Bad news from Zach Galifianakis: What the Koch brothers are doing is “not freedom”

posted at 6:20 pm on August 7, 2012 by Allahpundit

Good thing I already hate “The Hangover” or else this would have been bitterly disappointing.

The phrasing is important here, I think.

The comedian is referring to a scene in “The Campaign” in which Ferrell’s character, Congressman Cam Brady, takes a swing at Huggins and accidentally hits a baby.

“We really wanted to highlight the ridiculousness that politics has descended into,” Galifianakis says. “Whether you are on the right or the left, everyone can agree that there are a lot of outside influences in American politics that are not good for the system. There’s just too much money.”…

“I think it is pretty obvious that the Motch brothers represent the Koch brothers,” says Galifianakis, referring to the industrialists known for supporting conservative advocacy groups. “I disagree with everything they do. They are creepy and there is no way around that. It’s not freedom what they are doing.”

“I disagree with everything they do.” Even for offhand conversation, that’s an unusually broad overstatement, particularly since the Kochs aren’t social-conservative warriors of the sort that bien-pensant liberals like this guy viscerally despise. Read Nick Gillespie’s post at Reason from last year noting some of the causes to which the Kochs have donated, on top of the millions they’ve contributed to “medical researchers, hospitals, and cultural institutions.” Galifianakis might hate their free-market philosophy but unless he’s a very unusual liberal when it comes to social causes, it’s not remotely true that he disagrees with “everything they do.” So why say it? For one of two reasons: (1) He hasn’t read anything about them that the left hasn’t fed to him, so he’s willfully ignorant of what they do and don’t support; (2) he knows they’re libertarian and agrees with some of their social positions but feels obliged, whether in solidarity with the left or as some sort of Pavlovian liberal response to the mention of their names, to reject them utterly anyway. In light of his “creepy,” ominous insistence that their advocacy for their causes isn’t freedom, I’m not sure which is worse. If you’re going to kick someone out of the Freedom Treehouse, you’d want to at least make sure you know what their views are first, right? Or does disagreement on any single important issue, like campaign finance, justify rhetorical expulsion no matter where they are on everything else?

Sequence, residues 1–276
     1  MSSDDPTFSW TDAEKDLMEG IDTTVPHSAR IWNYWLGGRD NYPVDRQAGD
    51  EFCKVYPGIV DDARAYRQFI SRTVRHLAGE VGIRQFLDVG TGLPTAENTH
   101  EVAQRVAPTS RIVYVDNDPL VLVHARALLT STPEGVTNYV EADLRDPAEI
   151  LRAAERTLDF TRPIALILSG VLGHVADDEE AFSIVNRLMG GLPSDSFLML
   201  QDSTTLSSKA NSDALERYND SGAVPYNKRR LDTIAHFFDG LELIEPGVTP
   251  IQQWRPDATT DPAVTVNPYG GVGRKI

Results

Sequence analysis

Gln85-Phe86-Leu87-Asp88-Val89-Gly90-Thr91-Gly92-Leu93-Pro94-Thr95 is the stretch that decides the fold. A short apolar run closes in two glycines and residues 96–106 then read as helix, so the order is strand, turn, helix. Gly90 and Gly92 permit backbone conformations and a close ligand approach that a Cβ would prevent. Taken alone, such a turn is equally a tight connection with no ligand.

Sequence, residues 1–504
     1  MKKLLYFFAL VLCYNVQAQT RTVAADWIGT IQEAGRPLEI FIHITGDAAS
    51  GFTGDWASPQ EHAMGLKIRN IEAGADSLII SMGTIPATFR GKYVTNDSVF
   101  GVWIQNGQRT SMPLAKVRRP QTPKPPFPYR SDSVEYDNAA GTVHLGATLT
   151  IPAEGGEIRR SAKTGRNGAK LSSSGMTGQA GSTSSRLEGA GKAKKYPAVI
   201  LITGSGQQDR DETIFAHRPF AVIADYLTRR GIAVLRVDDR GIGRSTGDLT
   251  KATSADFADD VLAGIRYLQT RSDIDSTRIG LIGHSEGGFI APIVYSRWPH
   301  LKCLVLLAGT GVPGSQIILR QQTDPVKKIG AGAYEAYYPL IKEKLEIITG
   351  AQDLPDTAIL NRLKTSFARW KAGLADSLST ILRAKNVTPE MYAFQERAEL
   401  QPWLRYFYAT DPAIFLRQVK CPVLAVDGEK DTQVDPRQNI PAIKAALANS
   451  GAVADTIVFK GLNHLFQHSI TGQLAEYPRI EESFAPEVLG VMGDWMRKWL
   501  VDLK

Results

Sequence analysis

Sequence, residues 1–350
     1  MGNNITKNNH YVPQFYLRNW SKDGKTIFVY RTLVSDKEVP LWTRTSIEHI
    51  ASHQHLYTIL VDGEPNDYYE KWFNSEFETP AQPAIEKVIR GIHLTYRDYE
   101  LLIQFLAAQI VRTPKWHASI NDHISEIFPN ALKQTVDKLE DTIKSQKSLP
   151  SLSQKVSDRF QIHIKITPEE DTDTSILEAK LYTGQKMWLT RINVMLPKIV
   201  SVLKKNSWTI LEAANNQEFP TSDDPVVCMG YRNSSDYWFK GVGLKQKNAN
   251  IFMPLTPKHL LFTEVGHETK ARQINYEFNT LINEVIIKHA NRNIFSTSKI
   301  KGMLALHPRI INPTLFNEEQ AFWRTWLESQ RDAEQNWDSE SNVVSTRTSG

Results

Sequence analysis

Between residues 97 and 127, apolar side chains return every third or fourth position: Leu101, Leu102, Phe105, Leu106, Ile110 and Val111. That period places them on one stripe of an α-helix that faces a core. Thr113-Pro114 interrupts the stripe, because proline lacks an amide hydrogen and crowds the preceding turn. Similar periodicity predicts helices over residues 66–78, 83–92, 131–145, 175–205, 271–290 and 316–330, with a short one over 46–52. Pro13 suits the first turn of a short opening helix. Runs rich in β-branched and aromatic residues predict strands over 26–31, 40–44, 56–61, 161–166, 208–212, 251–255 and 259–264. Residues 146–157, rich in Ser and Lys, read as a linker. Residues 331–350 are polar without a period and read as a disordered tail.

Speaking of Pavlovian liberal responses, via Reason, here’s a relevant recent clip from Aaron Sorkin’s latest embarrassing exercise in left-wing wish-fulfillment, “The Newsroom.” Exit quotation from the Kochs’ spokesman, responding to Galifianakis: “Last we checked, the movie is a comedy. Maybe more to the point is that it’s laughable to take political guidance or moral instruction from a guy who makes obscene gestures with a monkey on a bus in Bangkok.”


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